Sorry

On Not Saying Sorry – 30 Day Challenge – Day 6

30 Day Challenge Random
Sorry
Image courtesy of Butupa on Flickr

There was an article I read a while ago that changed my approach to work and life. It was about not saying “sorry.”

Sorry, in my opinion, was always a throwaway word with little to no meaning. We are usually forced to say it at a young and  as we grow older we’re expected that by saying it it’s supposed to grant us some level of exoneration from whatever it is we’re apologizing for. So I decided to try an experiment. I was not going to say “I’m sorry” in 2015.

Originally I was going to hold off on this post until later in the year but since we’re just past the 6-month mark I figured it was a good time to write about it…plus I needed another idea for my 30 day challenge.

I’m Not Sorry

There are many things that are out of our control and many of those things are to be expected. Late trains and traffic, meetings that run over, research that takes longer than expected, the list goes on. Saying “I’m sorry” in many of those instances serves as a catalyst in admitting that you were wrong when in fact things were out of your control.

The article I read mentioned that apologizing offered up “a transfer of power from the offender to the victim.” That resonated with me. Was I really truly sorry about the things I was apologizing for or was I cheapening the word but using it so frequently?

Alternatives to Saying Sorry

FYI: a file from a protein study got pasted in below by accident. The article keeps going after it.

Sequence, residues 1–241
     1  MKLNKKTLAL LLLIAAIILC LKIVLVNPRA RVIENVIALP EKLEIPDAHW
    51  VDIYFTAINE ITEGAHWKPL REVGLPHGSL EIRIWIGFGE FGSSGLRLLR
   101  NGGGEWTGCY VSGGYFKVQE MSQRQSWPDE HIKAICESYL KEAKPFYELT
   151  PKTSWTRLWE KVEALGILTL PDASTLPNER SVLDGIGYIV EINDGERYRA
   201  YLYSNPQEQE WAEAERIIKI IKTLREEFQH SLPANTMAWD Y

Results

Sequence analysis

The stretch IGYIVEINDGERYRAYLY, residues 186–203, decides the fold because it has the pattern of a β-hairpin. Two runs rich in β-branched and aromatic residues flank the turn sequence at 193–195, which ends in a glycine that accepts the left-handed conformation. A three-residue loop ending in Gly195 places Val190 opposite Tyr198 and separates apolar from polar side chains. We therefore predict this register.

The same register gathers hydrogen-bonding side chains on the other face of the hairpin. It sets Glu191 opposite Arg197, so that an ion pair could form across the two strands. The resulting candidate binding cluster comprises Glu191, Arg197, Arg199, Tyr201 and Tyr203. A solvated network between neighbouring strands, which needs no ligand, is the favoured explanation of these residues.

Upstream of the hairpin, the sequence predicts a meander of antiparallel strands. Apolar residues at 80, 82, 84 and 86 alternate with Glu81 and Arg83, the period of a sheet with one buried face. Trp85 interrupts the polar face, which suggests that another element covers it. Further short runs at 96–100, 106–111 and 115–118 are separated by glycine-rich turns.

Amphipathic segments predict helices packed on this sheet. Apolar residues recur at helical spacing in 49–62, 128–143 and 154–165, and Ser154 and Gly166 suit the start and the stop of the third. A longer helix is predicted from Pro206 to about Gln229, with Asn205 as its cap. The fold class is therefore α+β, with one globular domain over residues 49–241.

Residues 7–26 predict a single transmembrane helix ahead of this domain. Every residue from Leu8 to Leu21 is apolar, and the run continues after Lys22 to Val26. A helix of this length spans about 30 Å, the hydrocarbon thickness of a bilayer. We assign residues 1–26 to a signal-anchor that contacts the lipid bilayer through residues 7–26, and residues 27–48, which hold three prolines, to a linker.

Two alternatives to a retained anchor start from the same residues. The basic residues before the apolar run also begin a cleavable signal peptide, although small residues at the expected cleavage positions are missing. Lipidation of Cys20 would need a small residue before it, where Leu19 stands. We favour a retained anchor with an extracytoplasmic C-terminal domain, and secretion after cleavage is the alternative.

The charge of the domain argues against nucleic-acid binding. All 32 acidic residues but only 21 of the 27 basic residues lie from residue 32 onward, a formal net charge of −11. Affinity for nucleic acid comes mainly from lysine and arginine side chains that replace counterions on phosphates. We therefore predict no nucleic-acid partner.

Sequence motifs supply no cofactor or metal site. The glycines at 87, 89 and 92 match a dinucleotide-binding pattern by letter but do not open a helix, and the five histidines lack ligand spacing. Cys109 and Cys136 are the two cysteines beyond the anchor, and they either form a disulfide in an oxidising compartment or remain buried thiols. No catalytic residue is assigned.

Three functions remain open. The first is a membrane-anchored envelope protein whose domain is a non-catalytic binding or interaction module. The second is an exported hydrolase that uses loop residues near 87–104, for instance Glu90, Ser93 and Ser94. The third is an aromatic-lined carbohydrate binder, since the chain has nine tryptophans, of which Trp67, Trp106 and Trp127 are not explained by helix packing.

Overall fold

Sometimes a solid heartfelt “I’m sorry” is in order but when it’s not there are other alternatives I have been using that work just as well if not better.

  • Excuse me or Pardon me
    • This can come in handy if a call runs over its allotted time causing you to be later for the next appointment. “Please excuse the lateness, I had a call that ran over.
  • Acknowledging the reason why
    • If you’re late due to traffic or train delays, mentioning why in lieu of apologizing will help get the point across. “How frustrating is it that there is always traffic on the,” “Isn’t it maddening that those trains are always late?”

Having been practicing this for the past six months I have noticed that people are not as upset if I am delayed getting to a call or meeting. Things come up and most everyone expects that to some degree.

I hope this exercise will help to shape your approach to work and life and realize that you don’t have to be sorry all the time.

 

About the Author:

An SEO in NYC with a penchant for the technical side of things. Father, Husband, Novice Photographer and Music Lover.

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